Radar Plotting Refresher

The USCG requires that Radar Observer Certification be renewed every five years. Sincemodern electronics are so agile, many mariners have not done an actual radar plot inthose five-year intervals. To brush up for the brush up, here is a quick refresher on RadarPlotting procedures.

We'll begin with the vector triangle. As is the case with all triangles, this one has threesides.• Side e→r represents the true course (direction) and speed (length) of our ("er") vessel

("we are e-r.")• Side e→m represents the true course and speed of the other ("them's") vessel.• Side r→m represents the relative motion vector, the direction and speed of the other

vessel's "apparent" movement.

Letter "e" is anchored in the plot. "m" may and "r" certainly will be relocated, but "e" doesnot move.

Next, terminology:• CPA: Closest point of approach. If the line of relative motion is extended, the CPA is

the shortest distance from that line to the center of the plotting sheet (whereour own ship is located). If the CPA is 0, we are on a collision course with theother vessel.

• RML: Relative Motion line• NRML: New Relative Motion line.• SRM: Speed of relative motion (length of r→m)• DRM: Direction of relative motion (direction of r→m)• Mx: The position of the other ship on RML at planned time of evasive action; point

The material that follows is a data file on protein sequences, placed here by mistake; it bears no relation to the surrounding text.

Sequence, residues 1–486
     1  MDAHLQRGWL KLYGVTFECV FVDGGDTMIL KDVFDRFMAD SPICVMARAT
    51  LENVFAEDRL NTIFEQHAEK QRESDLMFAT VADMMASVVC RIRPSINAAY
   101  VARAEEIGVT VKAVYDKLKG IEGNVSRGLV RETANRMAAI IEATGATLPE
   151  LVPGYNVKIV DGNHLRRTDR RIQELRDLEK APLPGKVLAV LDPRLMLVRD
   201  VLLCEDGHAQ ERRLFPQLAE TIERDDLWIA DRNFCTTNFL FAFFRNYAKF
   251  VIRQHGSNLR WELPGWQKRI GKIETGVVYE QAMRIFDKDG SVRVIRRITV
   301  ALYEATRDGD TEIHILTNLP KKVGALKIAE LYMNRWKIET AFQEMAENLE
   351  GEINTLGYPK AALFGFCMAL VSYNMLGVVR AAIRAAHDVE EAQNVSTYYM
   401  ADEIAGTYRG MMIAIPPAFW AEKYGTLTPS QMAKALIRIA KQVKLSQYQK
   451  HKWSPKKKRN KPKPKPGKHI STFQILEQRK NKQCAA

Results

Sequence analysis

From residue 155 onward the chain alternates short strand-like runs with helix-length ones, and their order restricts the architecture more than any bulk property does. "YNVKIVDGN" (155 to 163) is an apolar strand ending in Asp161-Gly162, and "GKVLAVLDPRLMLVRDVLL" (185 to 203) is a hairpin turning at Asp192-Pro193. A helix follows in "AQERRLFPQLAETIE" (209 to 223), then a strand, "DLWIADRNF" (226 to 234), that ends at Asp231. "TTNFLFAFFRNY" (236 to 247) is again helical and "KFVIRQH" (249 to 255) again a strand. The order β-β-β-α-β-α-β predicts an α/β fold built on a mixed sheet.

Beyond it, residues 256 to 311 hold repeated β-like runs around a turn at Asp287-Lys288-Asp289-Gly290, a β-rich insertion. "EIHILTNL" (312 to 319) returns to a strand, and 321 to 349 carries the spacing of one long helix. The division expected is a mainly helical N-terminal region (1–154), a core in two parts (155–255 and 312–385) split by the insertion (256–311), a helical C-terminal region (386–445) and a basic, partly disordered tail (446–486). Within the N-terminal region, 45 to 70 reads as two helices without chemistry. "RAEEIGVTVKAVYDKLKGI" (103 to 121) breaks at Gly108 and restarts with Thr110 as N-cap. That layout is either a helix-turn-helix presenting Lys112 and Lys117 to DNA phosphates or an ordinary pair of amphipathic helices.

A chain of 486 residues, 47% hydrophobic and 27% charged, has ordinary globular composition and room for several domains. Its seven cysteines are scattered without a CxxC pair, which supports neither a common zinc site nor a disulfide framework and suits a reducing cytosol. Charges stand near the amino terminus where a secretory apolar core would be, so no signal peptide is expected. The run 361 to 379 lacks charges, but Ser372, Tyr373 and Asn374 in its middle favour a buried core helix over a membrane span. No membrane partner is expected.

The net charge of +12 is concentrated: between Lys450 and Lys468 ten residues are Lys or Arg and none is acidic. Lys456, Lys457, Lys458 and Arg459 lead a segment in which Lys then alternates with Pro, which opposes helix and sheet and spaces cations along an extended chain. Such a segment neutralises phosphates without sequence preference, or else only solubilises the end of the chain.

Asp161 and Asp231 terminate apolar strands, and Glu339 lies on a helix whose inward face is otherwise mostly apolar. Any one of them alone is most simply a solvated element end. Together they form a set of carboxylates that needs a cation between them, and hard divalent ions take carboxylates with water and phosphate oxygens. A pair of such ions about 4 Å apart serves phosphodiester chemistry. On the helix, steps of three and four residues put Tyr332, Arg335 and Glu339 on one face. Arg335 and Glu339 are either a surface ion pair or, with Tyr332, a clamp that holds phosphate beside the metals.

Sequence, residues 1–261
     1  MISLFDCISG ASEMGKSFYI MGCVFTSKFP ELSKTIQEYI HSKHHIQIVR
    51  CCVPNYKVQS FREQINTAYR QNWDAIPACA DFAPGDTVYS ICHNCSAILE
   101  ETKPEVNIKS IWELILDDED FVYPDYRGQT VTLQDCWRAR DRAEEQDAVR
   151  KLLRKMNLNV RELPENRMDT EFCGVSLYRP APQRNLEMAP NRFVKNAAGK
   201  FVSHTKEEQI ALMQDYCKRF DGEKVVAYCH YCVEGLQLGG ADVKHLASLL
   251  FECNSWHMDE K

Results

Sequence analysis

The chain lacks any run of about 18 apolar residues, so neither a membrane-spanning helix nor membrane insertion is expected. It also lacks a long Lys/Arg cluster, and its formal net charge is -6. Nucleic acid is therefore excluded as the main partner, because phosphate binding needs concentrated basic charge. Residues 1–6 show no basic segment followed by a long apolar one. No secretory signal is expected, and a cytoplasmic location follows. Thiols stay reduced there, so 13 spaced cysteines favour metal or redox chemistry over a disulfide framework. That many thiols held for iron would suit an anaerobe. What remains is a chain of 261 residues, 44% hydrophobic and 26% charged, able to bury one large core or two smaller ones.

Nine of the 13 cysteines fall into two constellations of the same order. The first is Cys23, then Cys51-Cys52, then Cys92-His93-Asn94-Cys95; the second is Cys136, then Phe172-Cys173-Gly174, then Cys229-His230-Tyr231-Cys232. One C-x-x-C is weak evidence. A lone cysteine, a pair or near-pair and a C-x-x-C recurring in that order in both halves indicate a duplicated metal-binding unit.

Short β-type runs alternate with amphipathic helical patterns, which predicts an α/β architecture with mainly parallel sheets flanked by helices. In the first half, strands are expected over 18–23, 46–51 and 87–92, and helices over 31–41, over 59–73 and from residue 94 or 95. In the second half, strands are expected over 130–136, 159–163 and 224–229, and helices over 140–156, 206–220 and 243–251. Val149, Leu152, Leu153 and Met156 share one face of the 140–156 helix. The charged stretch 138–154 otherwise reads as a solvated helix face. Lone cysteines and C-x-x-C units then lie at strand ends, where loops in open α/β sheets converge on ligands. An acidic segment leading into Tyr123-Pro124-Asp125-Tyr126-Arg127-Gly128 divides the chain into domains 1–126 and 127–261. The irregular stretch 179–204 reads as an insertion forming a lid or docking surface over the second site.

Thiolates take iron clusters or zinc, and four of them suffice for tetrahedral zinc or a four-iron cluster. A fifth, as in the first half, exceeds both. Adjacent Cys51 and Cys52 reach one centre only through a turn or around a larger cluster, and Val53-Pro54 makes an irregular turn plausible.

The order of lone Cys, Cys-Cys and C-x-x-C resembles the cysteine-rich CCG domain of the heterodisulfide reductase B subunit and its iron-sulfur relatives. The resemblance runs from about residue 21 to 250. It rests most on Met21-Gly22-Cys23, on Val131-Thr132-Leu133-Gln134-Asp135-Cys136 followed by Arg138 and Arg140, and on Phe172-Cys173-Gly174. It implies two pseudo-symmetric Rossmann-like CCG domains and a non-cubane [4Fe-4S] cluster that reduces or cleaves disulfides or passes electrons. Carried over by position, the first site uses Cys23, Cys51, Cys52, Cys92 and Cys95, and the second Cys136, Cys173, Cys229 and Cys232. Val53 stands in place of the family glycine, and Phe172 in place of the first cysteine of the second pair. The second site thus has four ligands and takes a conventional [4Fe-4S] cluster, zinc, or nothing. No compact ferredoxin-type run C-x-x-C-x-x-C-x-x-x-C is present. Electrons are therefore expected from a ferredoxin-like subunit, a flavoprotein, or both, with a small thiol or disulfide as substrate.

of execution.

Radar Plotting used to be referred to as Rapid Radar Plotting, with an emphasis on"Rapid." In order to make the procedure quick and mathematically painless, contacts areusually observed at intervals of 6 minutes, 12 minutes or 15 minutes. Calculating speedsand/or distances is extremely easy at these intervals. For example,• if a vessel is traveling 18.2 knots, that is, 18.2 nautical miles per hour, she will travel

1/10 of that speed (1.82 miles) in 6 minutes (1/10 of an hour).• if a vessel has traveled 1.2 miles in 6 minutes, her speed is 10 times that, 12 knots.

The table below shows the distances traveled in 6-minute and 12-minute intervals at aspeed of 15 knots.

15.0 knots 60 minutes1.5 miles 6 minutes3.0 miles 12 minutes

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Crawford Nautical School © Copyright 2006

We'll work a standard 6-minute plot, step-by-step.Your ship is on course 345°. Speed is 15.0 knots. You note the following radarcontact: